March 9th, 2005


Bagels Are Carbs

So read a piece of graffiti at 190th St subway station. I'd been looking around The Cloisters, a curious reconstruction of various medieval pieces from western Europe that was built in Manhattan at the very north of the island. It wasn't bad but it didn't quite feel right, but I'm saving my full concentration for the Roerich House this afternoon. I feel a certain affinity with him, although I'm fairly ignorant about his work. There was a heavy burst of snow yesterday and the walk through the almost untouched white of Fort Tryon Park was rather satisfying, since London snowfall has been zilch whilst I've been around.

Currently I'm on the north-west corner of Central Park and sokaing up free bandwidth at a cafe here. It's called Saurin Parke, but I keep thinking it reads Sauron or Sarin. There's not enough time to write everything out. But I feel I should write a little about food. Maybe the most satisfying meal I've had since my arrival was here:

Woochon - 10W 36th St (between 5th and 6th Avenues)

Here I was able to completely indulge my desire for a pre-Lenten meat feast. I was here with Handy, an friend from university way back when. We had drank a fair bit by this point as he dragged me around various Village, Soho, Chelsea bars and I can admit we were most certainly a little emotional and hungry. Things not to forget in America at such times are:

1. Single portions can feed three people. Even in Korean restaurants. So don't get overeager just because you've been downing beer and cocktails in the joy of reunion banter. However...

2. With the current exchange rate, it's like visiting a third-world economy. So, it can't go that wrong.

For this preposterous spread of plates that awaited their complimenting meats and a fair amount of soju. I paid, err, £55. That's just not right. The food was excellent.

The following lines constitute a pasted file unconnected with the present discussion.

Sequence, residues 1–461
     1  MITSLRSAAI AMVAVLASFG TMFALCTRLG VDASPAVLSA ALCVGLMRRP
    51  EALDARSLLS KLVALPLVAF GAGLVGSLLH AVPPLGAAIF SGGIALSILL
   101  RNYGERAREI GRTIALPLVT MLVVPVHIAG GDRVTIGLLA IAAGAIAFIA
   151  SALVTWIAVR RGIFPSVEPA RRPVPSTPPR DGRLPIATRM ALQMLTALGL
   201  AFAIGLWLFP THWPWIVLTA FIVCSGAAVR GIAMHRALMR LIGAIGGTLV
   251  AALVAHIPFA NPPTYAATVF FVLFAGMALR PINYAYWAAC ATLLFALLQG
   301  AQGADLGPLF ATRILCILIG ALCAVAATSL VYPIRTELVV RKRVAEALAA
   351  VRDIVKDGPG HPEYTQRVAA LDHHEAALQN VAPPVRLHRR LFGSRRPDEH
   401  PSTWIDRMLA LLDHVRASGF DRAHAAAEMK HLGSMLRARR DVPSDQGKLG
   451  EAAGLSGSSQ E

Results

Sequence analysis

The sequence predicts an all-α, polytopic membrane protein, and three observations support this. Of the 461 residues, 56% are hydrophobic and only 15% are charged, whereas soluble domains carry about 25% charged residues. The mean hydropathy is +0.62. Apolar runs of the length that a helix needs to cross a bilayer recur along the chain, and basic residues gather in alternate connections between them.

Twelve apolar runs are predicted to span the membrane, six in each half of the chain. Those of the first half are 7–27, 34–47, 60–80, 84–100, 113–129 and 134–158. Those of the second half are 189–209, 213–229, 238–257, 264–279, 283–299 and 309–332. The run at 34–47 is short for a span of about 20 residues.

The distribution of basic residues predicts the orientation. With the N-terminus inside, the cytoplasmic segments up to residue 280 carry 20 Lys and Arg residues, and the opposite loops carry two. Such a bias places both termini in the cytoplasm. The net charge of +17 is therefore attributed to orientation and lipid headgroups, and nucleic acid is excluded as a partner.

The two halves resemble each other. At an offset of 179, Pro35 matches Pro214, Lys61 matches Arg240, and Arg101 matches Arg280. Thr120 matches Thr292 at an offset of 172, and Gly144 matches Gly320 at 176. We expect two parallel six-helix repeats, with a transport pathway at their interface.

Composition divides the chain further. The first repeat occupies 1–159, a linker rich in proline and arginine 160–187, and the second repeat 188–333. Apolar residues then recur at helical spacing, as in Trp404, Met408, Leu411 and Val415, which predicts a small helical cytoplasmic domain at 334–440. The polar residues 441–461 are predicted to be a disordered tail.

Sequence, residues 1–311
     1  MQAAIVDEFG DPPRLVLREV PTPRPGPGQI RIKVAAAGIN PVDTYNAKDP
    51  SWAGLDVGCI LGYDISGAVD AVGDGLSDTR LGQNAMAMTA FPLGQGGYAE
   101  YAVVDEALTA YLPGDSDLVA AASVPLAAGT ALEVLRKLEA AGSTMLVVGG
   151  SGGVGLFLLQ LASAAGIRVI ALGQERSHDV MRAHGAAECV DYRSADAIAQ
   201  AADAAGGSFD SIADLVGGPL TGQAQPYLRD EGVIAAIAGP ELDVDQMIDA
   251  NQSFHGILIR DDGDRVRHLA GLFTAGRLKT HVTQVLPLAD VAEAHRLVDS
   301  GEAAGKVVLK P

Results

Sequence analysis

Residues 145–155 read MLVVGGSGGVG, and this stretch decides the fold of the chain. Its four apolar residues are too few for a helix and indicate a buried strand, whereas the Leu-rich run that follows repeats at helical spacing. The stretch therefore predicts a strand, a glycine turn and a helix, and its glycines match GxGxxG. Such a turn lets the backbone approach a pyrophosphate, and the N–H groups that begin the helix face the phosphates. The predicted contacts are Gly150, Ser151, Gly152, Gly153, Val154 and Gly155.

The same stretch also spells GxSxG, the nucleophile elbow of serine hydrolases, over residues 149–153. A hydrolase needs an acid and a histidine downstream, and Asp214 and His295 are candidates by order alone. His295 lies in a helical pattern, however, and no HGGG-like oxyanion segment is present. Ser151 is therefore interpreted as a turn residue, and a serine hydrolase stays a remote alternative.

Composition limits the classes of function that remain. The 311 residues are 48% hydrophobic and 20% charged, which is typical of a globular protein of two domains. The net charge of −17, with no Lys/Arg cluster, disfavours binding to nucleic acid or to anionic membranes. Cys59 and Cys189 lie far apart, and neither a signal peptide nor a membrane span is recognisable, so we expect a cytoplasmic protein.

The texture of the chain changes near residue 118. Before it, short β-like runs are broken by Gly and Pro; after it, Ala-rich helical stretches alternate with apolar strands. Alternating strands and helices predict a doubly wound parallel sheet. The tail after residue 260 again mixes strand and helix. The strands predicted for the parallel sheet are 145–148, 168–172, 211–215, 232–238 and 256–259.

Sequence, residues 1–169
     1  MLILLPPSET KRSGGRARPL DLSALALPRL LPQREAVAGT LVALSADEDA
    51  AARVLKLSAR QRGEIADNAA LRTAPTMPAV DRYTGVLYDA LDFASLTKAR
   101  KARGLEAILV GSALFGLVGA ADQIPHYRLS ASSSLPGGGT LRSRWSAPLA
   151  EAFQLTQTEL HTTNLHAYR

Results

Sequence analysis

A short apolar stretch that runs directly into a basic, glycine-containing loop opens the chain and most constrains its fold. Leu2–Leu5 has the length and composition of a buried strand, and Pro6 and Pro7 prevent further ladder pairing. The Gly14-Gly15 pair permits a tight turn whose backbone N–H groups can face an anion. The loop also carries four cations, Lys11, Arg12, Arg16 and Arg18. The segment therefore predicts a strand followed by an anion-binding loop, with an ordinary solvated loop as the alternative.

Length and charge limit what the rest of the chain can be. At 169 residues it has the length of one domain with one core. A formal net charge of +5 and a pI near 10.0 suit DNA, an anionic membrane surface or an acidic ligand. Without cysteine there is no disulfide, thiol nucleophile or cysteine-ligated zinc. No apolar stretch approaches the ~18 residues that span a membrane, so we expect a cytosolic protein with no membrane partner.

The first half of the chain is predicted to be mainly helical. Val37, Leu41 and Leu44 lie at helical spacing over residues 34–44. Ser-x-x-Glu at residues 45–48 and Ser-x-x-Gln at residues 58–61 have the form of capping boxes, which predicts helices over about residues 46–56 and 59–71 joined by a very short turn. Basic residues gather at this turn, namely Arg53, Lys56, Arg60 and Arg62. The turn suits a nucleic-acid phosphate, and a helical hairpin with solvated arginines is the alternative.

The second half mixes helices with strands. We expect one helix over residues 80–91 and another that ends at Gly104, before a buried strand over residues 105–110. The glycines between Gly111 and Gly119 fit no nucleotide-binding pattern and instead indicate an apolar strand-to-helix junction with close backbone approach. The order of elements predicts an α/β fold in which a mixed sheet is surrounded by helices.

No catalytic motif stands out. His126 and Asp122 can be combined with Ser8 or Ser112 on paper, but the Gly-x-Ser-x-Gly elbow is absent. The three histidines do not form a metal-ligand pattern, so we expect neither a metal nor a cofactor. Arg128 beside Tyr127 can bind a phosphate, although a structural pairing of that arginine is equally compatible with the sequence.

Yet, however good that meal, the most memorable eating experience was here:

Queen of Sheba - 650 10th Avenue (between 45 & 46)

I'd never eaten Ethiopian food before, but had heard many things about it. It was something quite unique in taste and I suspect that it might take a few visits to various establishments before I quite know what it is I like and don't. I was slightly disappointed that the coffee came to the table in a cup, since, however nice a cup it was, the preparation and serving of coffee in Ethiopia has its own distinct etiquette and I had heard a radio item about the coffee ceremony shortly before my arrival. Oh well...

No disappointments, however, with Mlle H., who was a delightful companion and I was very glad to meet her after a lengthy correspondence. I would not dare to describe her as delicate (for one, we are due to dine again tomorrow and I fear - or perhaps I wish - that if I was to describe her thus, a stilletto knife might be plunged into my chest as we negotiated a Chinatown alleyway. La petite mort...) but I shall most certainly describe her as a delicacy and hope she takes no offence in that. I sighed rather upon the taxi ride home. Mlle. H. lives in area entirely populated by ravenous wolves, abandoned horses and feral children. She commands all before her on the path.

I've been doing my share of sighing elswhere, especially in the American Museum of Natural History where I found myself repeatedly weeping with jet-lag and honest sadness before aged dioramas of lost civilisations:

The Dune Dwellers of Mongolia
The Natufians of the Levant
The Halat of Mesopotamia
Achaemenid Persia...

As I gazed into each of these cabinets, feeling that we had lost our balance with the world we inhabit, I could hear a couple following a similar route. They would pause before them and say:

"This is Japan."

I'd continue my walk and encounter them again:

"This is Japan, I think."

It was never Japan. Aged photograph of the kumiss ceremony, hundreds of people standing arm-in-arm upon the plain, the vast circle slowly spinning, a ladle thrown to the sky...

Some of my photos can be seen at the Sarmoung page at flickr.